Bangladesh and Zimbabwe can host these countries, but Ireland and Scotland dont want to play Zimbabwe because of political reasons (perhaps Netherlands will follow suit), and Bangladesh may not want to host them because they dont want criticism in case the they lose or the game is a very tight one.

    The reason why I mentioned that Scotland, Ireland and Netherlands should host Zim or Bangladesh is because given their open schedules, Ban and Zim may even compromise and either share the cost of the tour, or perhaps agree to stay in a 4 star hotel, or help out in some other way.

    I have a comment regarding Netherlands/Zimbabwe comparison. it appears to me that Netherlands is looking more and more like the Zimbabwe team from the 80s and 90s. Low playing numbers, hardly any interest in the crowd, but the team is of a reasonable standard becuase of top class faciltiies and good structure. With only 100K whites, and only 16K total men between the age of 15-35, I cannot imagine Zimbabwe having too many more registered cricketers in the 80s than the 4-5K number that Netherlands has at the momment.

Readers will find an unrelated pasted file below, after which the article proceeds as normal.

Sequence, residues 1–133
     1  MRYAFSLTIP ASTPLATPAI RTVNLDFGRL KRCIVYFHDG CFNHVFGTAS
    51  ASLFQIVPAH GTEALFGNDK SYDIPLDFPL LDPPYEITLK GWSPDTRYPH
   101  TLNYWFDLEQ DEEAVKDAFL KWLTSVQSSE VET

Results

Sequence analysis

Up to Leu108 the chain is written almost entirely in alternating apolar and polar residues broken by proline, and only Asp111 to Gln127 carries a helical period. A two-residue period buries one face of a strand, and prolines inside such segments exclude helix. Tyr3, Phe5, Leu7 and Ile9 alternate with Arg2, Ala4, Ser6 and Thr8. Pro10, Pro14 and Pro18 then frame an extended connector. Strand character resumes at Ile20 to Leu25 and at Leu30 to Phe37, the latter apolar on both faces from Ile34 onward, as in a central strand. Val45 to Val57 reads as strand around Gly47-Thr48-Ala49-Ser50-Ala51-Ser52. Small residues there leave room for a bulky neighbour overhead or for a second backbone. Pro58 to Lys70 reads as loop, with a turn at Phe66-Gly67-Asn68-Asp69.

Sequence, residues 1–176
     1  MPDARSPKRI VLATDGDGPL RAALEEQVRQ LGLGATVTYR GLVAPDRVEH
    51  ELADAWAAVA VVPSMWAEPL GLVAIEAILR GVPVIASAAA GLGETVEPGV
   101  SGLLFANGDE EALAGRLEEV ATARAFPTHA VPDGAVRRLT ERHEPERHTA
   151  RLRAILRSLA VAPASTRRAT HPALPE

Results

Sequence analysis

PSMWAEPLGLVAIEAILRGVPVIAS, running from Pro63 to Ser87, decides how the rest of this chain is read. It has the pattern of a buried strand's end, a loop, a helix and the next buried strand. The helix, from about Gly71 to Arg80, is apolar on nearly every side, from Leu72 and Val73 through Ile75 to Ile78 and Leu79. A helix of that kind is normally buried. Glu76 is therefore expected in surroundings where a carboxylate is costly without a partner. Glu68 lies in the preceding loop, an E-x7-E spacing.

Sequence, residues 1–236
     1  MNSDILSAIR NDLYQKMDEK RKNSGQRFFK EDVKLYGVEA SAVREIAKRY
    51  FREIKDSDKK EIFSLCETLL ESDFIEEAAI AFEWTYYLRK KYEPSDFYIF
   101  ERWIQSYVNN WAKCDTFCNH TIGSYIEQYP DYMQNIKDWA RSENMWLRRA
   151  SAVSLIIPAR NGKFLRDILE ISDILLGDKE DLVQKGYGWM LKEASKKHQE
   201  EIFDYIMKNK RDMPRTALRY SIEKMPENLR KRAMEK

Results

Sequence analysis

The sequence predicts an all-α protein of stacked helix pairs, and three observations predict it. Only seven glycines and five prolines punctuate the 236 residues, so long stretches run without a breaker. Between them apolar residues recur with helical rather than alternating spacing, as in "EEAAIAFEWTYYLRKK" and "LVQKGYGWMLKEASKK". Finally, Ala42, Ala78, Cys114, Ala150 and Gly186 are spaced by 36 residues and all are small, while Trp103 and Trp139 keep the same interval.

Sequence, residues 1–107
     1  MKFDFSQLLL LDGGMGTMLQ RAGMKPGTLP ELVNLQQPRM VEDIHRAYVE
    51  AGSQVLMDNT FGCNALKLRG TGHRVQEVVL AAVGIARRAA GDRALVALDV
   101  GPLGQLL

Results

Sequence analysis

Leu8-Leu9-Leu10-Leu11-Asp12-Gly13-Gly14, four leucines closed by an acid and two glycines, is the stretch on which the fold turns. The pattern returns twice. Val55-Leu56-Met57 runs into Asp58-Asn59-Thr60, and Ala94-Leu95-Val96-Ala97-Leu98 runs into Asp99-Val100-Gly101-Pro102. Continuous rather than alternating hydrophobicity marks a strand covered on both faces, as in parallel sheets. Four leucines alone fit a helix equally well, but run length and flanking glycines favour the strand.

12. Ram
    July 9, 2006 at 1:18 am


    I have a few doubts here..

    1. How come KNCB managed to host SL for a 2-match ODI series when Cricket Scotland couldn’t?

    2. Though it’s the ICC that organized these games, aren’t the airfares taken care of by the Test board? It sounds strange that the Test board can pay for their team’s trip to England but not to Scotland!..And, if I am right, the trip from Scotland to England is going to cost a relatively insignificant amount for the board.

    3. In case of India, am sure that if they can help out the WICB, they can do the same to Scottish cricket…even if the BCCI doesn’t want to spend a pie on Scottish cricket, it can always share the expenses for a 3-ODI series and allow Cricket Scotland to pay back the money to the BCCI from their share of the profits. Infact, the commercial benefits from hosting India in a 3-ODI series are just too high that Cricket Scotland can even look at borrowing loans in the worst case scenario.

    4. I will comment on the Netherlands-Zimbabwe comparison in a separate post, otherwise this post may become too long 🙂

  13. July 9, 2006 at 1:37 am


    Answering your first point….. I dont know….. I guess KNCB is richer than Cricket Scotland 🙂

    But its definitely a fact that Cricket Scotland had to cancel the second pakistan ODI because of financial issues.

  14. Ram
    July 9, 2006 at 1:46 am

    About the Netherlands-Zimbabwe comparison, I agree on the numbers you point out but I do see some obvious differences in the two scenarios.